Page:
EuLA (2020) Position paper on IED – Roadmap

Answer to the inception impact assessment (roadmap) on the Industrial Emissions Directive.

The European Lime Association (EuLA) welcomes the opportunity to provide its feedback to the European Commission on the inception impact assessment, Directive 2010/75/EU. It is only through these assessments that directives such as the Industrial Emissions Directive (IED) can be designed fit-for-purpose. Therefore, it is a priority for the lime sector to engage in a constructive dialogue with policy makers to ensure its successful implementation and review.

OUR CALLS

Acknowledge and implement ‘Better regulation’ principles by avoiding overlap and duplication of regulation i.e. regulating GHG emissions through IED vs ETS.
A proposal to set ELVs for CO₂ could risk double-regulation and overlapping of policies between the ETS and the IED (ETS is a market-based instrument to tackle GHG emissions and IED as control and command to tackle other emissions). The current environmental objectives are addressed via the existing arsenal of regulatory measures (e.g. IED, WFD, AAQD, etc.) and the EU ETS Directive already covers the concept of performance benchmark. IED Art. 9.1 should be left intact.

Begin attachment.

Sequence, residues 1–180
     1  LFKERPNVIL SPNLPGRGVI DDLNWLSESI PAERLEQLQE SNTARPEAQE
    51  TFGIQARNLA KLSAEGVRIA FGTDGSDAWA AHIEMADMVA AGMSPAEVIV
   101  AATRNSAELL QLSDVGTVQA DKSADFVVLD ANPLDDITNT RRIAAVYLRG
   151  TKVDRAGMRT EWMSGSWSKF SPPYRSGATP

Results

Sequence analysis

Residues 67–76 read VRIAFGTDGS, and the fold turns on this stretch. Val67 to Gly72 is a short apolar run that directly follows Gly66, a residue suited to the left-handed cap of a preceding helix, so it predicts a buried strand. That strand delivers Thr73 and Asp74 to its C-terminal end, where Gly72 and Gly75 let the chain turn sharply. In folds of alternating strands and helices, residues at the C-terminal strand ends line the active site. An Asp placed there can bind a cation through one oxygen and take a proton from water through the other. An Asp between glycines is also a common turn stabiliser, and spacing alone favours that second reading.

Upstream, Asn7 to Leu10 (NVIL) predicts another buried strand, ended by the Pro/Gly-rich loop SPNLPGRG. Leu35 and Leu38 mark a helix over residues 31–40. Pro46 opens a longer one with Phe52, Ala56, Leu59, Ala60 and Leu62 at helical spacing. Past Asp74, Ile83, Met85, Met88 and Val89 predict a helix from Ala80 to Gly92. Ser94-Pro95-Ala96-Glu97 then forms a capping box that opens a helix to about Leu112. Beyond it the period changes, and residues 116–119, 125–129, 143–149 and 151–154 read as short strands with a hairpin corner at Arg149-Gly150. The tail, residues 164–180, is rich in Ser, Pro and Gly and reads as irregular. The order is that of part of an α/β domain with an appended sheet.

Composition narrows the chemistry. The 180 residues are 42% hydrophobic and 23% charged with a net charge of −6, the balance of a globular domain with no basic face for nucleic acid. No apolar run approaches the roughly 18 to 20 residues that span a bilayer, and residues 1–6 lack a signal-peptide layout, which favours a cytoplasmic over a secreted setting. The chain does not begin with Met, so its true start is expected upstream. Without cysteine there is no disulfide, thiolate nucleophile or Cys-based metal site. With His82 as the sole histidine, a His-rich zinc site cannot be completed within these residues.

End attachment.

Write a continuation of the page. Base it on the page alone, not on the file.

The BREFs (and the IED process) must take cross-media effects into account, and consider cross-policy or wider (societal, economic, etc.) impacts.                                                                                                            Industrial emissions have reduced dramatically over the years and, whilst the lime sector will continue to work hard to minimise its environmental impact, the focus needs to incorporate other sectors, both in considering the direct impact of each sector and the combined effects of sector policies. Possible new thresholds set by the IED should be technically an economically feasible, not to impair the competitiveness of the European lime sector.

A systematic harmonized approach to derive the BAT‐AEL as a result of the BREF review process.
A robust and transparent approach will secure consistency for stakeholders throughout the BREF review process, as well as for regulators and operators at permitting level. It should be based on collected data for each technique and sector, and not through a simplistic statistical assessment, including contextual information, where only environmental performances are measured, omitting the technical and economic feasibility.

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